• Re:Sound Methods? (Score:3, Informative)

    by linzeal (197905) on Tuesday July 28, 2009 @04:38PM (#28858547) Homepage Journal
    As far as I know almost all organic labels make no mention of killing "critters" with guns. Almost all farmers out here shoot deer, rabbits and the like so vegans indirectly contribute to untold numbers of animal deaths.
  • Re:Sound Methods? (Score:2, Informative)

    by Turiko (1259966) on Tuesday July 28, 2009 @05:40PM (#28859477)
    erm... once the cure is there, it's there forever. Sooner or later, the ratio of 1-1 WILL be overtaken.
  • Re:Sound Methods? (Score:3, Informative)

    by EtherMonkey (705611) on Tuesday July 28, 2009 @05:52PM (#28859617)

    I draw the line at complete rat genocide.* After all, you've got to leave at least one breeding pair so you can restock for the next round of experiments.

    Have you ever owned or bread rats? 3 weeks gestation, litter size of 6 to 16, sexual maturity after 90 days... it doesn't take long to be completely overwhelmed. I tried it once as an alternative to driving 45 minutes to a pet store to feed my 10-ft python. It only took me a few months to give up.

  • Re:Sound Methods? (Score:2, Informative)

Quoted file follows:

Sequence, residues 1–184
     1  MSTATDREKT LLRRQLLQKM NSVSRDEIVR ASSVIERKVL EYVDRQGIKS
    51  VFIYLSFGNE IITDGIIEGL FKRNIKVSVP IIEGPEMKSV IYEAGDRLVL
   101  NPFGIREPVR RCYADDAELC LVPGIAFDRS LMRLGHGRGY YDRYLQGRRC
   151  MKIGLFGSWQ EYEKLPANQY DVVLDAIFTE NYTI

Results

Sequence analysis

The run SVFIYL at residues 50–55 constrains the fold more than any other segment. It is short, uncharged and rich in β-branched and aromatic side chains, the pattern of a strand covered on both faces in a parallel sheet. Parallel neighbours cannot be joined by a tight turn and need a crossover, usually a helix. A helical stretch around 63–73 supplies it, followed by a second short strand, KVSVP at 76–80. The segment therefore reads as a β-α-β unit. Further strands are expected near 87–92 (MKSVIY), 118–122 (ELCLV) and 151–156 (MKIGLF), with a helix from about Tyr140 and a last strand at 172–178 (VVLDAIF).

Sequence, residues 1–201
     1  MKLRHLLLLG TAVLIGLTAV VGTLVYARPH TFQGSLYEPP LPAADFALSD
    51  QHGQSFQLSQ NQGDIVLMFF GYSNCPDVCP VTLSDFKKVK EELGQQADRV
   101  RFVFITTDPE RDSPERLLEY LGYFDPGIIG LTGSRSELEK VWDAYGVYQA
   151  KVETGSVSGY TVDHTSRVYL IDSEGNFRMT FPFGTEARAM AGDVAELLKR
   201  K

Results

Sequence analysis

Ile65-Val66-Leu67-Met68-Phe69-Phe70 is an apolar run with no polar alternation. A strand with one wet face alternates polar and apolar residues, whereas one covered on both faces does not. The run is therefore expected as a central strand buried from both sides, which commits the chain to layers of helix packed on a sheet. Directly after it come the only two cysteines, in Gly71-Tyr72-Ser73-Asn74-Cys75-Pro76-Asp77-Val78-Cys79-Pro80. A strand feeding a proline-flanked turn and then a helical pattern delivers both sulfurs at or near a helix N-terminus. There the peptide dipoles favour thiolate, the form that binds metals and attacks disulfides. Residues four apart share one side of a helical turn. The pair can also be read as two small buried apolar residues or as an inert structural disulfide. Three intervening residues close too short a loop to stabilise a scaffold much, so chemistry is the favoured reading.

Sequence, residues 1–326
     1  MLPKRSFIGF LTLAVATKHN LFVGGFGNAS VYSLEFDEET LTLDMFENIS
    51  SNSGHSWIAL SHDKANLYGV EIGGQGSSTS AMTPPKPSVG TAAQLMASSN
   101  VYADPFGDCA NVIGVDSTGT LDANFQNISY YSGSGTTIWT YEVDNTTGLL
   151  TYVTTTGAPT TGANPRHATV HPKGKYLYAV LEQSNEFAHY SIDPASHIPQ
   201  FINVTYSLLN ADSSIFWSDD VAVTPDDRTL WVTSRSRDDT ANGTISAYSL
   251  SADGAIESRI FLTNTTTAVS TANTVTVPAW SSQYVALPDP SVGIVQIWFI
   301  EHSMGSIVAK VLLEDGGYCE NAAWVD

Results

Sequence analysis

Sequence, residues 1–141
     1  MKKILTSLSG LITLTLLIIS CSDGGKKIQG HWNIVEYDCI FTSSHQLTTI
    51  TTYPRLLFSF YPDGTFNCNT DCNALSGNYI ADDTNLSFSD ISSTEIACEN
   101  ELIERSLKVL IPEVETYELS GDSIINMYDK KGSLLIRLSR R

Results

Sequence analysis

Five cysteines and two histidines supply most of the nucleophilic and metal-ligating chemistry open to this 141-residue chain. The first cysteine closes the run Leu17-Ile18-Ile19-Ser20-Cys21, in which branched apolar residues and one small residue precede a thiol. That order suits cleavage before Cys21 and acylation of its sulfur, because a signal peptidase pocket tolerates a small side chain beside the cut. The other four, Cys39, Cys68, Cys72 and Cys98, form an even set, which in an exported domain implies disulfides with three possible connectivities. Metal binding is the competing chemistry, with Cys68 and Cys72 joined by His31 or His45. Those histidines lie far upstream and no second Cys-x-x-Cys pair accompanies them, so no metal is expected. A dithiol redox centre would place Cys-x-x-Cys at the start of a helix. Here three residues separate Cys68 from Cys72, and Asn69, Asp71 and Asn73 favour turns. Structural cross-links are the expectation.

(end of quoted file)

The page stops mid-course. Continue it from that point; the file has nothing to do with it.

by rubi (910818) on Tuesday July 28, 2009 @08:23PM (#28860883)
    And how many "human test subjects" would volunteer and how many would be mandated to do it? Better test in rats and such than MAKE humans do it; the pool of volunteers is really small.
  • Re:Sound Methods? (Score:1, Informative)

    by Anonymous Coward on Wednesday July 29, 2009 @03:33AM (#28863215)

    I'm sure you missed it, but what he's referring to is the fact that it's much more likely for vegans to blabber on about animal rights and how experimentation is torturous and unethical. Yet somehow accidentally shredding the same amount of cute fuzzies is just part of the magical cycle of life.

  • Re:Sound Methods? (Score:3, Informative)

    by Jedi Alec (258881) on Wednesday July 29, 2009 @05:33AM (#28863771)

    Tell me how animal fighting is illegal, but underground fighting is not (only the gambling is).

    If you don't understand the difference between two consenting adults getting into a ring and beating the crap out of each other or 2 animals being driven into a fury and then placed in a small enclosement I very much doubt you'll be able to grasp any answer you'll get.

All warranty and guarantee clauses become null and void upon payment of invoice.

Working...